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Resuming Peace Talks in Philippines a Positive Step

President Benigno Aquino III prepares to hit the peace bell during a rally for peace held to show support to the government's peace process with the Moro Islamic Liberation Front, Manila, February 8, 2011

After seven months in office the administration of Philippines President Benigno Aquino resumed peace talks with the separatist group, the Moro Islamic Liberation Front. The International Crisis Group Thursday released a report on the situation in the southern Mindanao region of the Philippines saying the obstacles to peace are enormous but the resumption of negotiations is promising.

The International Crisis Group report released Thursday says the fact that peace negotiations between the government of the Philippines and the separatist group the Moro Islamic Liberation Front or MILF resumed in February, after being stalled for over two years, is a positive development. Bryony Lau, the group's Southeast Asia analyst, says the election of President Benigno Aquino last year has given the peace talks new life.

"Although we have not seen a lot of movement in terms of the negotiation positions of the Moro Islamic Liberation Front, the fact that we have a new government that has a new team that is pretty engaged and optimistic is much more promising than the situation this time a year ago," Lau said.

But the report also details the many obstacles to peace in this Catholic majority country where Islamic separatists have been fighting for independence for 40 years in the southern Mindanao region. The region has already been given a degree of autonomy that was negotiated with a rival insurgency group called the Moro National Liberation Front. The two groups are deeply divided the reports says, and the current local government is seen as dysfunctional. Last year Mindanao Governor Zaldy Ampatuan was arrested for involvement in an attack on a rival political group that killed 57 people. Lau says there are also concerns that MILF is supporting terrorist activities.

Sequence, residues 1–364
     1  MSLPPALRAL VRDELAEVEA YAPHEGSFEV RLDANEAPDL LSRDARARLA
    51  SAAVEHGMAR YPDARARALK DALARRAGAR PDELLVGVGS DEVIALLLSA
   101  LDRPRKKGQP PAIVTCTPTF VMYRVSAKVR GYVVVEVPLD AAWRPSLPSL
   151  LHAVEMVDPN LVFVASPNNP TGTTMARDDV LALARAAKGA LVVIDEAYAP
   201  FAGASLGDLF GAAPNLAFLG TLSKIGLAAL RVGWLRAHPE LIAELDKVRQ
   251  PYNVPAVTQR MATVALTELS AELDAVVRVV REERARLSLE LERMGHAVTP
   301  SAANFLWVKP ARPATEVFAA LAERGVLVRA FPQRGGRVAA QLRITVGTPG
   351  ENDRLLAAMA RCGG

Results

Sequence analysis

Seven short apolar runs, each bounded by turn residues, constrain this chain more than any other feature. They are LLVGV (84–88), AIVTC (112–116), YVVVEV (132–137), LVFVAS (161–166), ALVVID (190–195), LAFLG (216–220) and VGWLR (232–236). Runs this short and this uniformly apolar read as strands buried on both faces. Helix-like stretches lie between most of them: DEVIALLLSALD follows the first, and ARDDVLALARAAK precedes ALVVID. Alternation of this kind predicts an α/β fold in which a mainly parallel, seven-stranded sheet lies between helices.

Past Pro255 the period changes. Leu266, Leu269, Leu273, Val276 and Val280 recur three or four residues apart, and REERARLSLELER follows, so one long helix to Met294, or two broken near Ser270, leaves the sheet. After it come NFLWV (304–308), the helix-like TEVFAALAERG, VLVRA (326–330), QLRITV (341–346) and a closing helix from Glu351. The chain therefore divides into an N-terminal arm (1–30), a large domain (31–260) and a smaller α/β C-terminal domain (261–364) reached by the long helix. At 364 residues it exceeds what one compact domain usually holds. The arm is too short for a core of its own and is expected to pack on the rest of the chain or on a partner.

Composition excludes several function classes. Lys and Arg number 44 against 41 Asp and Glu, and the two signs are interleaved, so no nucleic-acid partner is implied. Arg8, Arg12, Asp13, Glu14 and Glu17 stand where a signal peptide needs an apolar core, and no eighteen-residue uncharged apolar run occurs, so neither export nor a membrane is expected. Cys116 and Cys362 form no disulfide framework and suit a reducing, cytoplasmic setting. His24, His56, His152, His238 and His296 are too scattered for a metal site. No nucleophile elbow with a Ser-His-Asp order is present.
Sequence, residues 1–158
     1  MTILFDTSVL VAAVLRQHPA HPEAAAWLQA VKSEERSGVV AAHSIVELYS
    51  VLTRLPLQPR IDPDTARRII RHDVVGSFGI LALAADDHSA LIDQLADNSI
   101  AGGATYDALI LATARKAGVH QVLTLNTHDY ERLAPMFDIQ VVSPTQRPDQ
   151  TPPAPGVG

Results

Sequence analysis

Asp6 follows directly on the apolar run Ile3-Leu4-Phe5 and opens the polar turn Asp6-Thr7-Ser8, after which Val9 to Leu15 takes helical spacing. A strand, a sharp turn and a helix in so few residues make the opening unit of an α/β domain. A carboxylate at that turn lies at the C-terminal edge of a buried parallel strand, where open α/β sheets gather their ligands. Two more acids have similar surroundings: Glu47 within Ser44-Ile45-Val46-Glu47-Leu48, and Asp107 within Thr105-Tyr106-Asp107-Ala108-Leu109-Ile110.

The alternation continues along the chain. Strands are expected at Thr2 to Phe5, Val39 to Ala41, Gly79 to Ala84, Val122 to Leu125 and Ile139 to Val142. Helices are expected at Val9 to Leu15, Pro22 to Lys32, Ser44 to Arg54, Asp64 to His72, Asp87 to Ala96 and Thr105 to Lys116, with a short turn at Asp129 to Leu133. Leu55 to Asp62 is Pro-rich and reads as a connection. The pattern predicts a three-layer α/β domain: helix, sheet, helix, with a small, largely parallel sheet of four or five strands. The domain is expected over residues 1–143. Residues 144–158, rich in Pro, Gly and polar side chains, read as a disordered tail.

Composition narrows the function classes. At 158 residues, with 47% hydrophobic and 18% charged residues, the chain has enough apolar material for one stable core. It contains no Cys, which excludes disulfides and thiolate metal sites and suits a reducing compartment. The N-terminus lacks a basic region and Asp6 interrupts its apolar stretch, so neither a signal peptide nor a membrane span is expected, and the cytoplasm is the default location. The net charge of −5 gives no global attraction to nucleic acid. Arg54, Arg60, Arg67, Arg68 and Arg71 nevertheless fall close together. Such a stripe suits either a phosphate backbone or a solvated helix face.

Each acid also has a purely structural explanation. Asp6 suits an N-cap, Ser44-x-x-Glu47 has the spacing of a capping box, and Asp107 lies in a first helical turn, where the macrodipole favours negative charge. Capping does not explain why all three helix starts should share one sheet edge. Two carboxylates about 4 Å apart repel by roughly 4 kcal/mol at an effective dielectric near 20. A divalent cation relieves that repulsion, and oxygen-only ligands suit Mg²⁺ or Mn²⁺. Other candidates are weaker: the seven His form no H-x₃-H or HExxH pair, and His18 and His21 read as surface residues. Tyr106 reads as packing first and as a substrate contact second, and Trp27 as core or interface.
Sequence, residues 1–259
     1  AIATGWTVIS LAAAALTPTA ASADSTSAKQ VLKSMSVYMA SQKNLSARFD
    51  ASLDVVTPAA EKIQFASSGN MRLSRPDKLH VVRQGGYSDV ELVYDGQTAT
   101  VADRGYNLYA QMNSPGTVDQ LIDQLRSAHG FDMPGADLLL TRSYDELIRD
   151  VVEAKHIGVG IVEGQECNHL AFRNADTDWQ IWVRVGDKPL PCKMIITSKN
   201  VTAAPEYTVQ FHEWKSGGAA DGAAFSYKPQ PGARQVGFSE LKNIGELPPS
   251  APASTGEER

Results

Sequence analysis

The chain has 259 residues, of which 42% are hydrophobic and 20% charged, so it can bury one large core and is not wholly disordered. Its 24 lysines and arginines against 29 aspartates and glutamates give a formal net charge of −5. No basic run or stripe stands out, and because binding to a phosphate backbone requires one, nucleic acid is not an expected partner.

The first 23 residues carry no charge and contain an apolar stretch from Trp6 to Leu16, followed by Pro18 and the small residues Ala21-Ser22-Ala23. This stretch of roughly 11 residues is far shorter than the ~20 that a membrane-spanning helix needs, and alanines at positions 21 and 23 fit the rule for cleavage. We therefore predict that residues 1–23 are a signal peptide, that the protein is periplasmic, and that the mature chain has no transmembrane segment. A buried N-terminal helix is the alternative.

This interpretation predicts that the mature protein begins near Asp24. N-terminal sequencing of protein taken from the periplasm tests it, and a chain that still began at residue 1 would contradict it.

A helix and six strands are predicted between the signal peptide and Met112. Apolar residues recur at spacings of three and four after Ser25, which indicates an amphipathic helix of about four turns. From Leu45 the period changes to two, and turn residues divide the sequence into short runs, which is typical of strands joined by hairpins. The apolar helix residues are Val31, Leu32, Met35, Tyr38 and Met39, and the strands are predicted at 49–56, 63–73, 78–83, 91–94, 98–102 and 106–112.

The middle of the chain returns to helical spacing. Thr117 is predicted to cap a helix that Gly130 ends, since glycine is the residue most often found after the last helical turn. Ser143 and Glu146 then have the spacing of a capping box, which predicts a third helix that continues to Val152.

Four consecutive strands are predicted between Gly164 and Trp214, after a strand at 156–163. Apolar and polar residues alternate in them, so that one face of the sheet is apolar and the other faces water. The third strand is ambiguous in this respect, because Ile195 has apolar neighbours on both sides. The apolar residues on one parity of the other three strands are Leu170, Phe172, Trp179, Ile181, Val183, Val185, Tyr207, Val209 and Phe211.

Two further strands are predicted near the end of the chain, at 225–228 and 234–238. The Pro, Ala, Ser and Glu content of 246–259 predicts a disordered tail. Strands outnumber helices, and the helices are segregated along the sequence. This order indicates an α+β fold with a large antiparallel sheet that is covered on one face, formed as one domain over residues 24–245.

"Periodically there are suggestions in the Philippines media of MILF members being involved in terrorist attacks, most notably with the bombing in the central business district of Manila in late January,” Lau added. “And immediately after that bombing there were rumors that the type of weapon used and the way it was detonated was reminiscent of tactics used in the MILF heartland."

The report says the MILF wants a greater degree of autonomy and more clearly defined powers such as the ability to form an internal security force. The government has so far been noncommittal in the talks but Lau says it would likely want reassurances on security issues and clearly defined borders for the region that is spread across a number of islands.

Talks are scheduled to resume in April.